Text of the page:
Resilience of gas-phase anharmonicity in the vibrational response of adsorbed carbon monoxide and breakdown under electrical conditions

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Abstract

In surface catalysis, the adsorption of carbon monoxide on transition-metal electrodes represents the prototype of strong chemisorption. Notwithstanding significant changes in the molecular orbitals of adsorbed CO, spectroscopic experiments highlight a close correlation between the adsorbate stretching frequency and equilibrium bond length for a wide range of adsorption geometries and substrate compositions. In this work, we study the origins of this correlation, commonly known as Badger's rule, by deconvoluting and examining the contributions from the adsorption environment to the intramolecular potential using first-principles calculations. Noting that intramolecular anharmonicity is preserved upon CO chemisorption, we show that Badger's rule for adsorbed CO can be expressed solely in terms of the tabulated Herzberg spectroscopic constants of isolated CO. Moreover, although it had been previously established using finite-cluster models that Badger's rule is not affected by electrical conditions, we find here that Badger's rule breaks down when the electrified surface is represented as a periodic slab. Examination of this breakdown in terms of anharmonic contributions from the effective surface charge reveals limitations of conventional finite-cluster models in describing electrical conditions at metal electrodes.

Original languageEnglish (US)
Article number035139
JournalPhysical Review B - Condensed Matter and Materials Physics
Volume86
Issue number3
DOIs
StatePublished - Jul 23 2012

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resilience
Carbon Monoxide
Carbon monoxide
carbon monoxide
breakdown
Gases
vapor phases
Chemisorption
Adsorption
chemisorption
adsorption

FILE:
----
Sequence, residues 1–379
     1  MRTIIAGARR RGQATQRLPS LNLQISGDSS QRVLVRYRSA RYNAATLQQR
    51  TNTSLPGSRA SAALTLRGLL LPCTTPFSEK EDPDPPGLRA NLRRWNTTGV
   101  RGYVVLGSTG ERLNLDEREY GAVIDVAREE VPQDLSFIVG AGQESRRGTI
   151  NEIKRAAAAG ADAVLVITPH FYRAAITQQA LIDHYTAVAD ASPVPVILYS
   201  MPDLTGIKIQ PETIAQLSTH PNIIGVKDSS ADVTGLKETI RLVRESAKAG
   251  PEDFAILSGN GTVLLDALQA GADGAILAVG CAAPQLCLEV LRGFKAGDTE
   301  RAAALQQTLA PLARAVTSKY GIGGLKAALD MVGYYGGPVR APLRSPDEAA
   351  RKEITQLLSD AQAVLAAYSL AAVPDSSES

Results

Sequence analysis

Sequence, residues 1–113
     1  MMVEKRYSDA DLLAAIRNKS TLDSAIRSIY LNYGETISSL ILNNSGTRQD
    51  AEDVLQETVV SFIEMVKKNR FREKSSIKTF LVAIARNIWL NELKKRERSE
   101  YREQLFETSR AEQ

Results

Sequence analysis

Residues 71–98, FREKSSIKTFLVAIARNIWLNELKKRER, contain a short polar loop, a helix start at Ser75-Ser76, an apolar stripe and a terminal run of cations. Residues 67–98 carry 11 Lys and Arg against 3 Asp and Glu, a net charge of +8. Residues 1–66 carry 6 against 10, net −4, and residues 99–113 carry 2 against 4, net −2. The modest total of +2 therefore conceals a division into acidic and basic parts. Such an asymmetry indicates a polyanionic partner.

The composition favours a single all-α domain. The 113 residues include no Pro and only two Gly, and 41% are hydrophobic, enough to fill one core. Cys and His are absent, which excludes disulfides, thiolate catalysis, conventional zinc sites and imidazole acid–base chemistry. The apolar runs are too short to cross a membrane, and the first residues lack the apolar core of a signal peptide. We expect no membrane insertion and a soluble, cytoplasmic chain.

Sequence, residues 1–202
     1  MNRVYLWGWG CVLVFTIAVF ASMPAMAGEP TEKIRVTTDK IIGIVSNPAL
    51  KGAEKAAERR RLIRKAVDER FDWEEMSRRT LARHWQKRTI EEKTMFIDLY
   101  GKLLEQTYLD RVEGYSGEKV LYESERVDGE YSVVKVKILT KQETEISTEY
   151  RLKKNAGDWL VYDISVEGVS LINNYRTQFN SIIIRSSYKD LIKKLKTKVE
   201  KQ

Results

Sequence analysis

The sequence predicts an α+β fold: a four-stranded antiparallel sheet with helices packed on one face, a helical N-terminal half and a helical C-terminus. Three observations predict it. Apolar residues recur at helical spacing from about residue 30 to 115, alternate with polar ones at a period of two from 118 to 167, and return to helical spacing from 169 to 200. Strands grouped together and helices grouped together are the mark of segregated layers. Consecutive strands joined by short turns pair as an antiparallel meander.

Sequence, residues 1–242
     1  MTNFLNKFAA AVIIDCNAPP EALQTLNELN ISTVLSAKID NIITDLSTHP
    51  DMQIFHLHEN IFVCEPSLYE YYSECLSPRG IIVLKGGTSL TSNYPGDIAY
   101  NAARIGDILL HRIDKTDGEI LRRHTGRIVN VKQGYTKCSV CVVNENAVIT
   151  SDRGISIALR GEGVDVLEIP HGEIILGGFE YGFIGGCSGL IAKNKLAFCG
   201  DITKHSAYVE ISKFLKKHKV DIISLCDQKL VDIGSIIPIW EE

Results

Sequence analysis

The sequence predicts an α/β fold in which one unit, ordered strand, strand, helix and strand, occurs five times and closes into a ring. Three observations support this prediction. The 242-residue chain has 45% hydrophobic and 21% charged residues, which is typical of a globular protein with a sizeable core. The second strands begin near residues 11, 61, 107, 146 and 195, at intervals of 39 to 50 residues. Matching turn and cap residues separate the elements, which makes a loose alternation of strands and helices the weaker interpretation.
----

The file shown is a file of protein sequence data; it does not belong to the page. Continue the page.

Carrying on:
Electrodes
Bond length
Molecular orbitals
Adsorbates
Surface charge
Catalysis
Stretching
Transition metals
electrodes

All Science Journal Classification (ASJC) codes

  • Electronic, Optical and Magnetic Materials
  • Condensed Matter Physics

Cite this

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title = "Resilience of gas-phase anharmonicity in the vibrational response of adsorbed carbon monoxide and breakdown under electrical conditions",
abstract = "In surface catalysis, the adsorption of carbon monoxide on transition-metal electrodes represents the prototype of strong chemisorption. Notwithstanding significant changes in the molecular orbitals of adsorbed CO, spectroscopic experiments highlight a close correlation between the adsorbate stretching frequency and equilibrium bond length for a wide range of adsorption geometries and substrate compositions. In this work, we study the origins of this correlation, commonly known as Badger's rule, by deconvoluting and examining the contributions from the adsorption environment to the intramolecular potential using first-principles calculations. Noting that intramolecular anharmonicity is preserved upon CO chemisorption, we show that Badger's rule for adsorbed CO can be expressed solely in terms of the tabulated Herzberg spectroscopic constants of isolated CO. Moreover, although it had been previously established using finite-cluster models that Badger's rule is not affected by electrical conditions, we find here that Badger's rule breaks down when the electrified surface is represented as a periodic slab. Examination of this breakdown in terms of anharmonic contributions from the effective surface charge reveals limitations of conventional finite-cluster models in describing electrical conditions at metal electrodes.",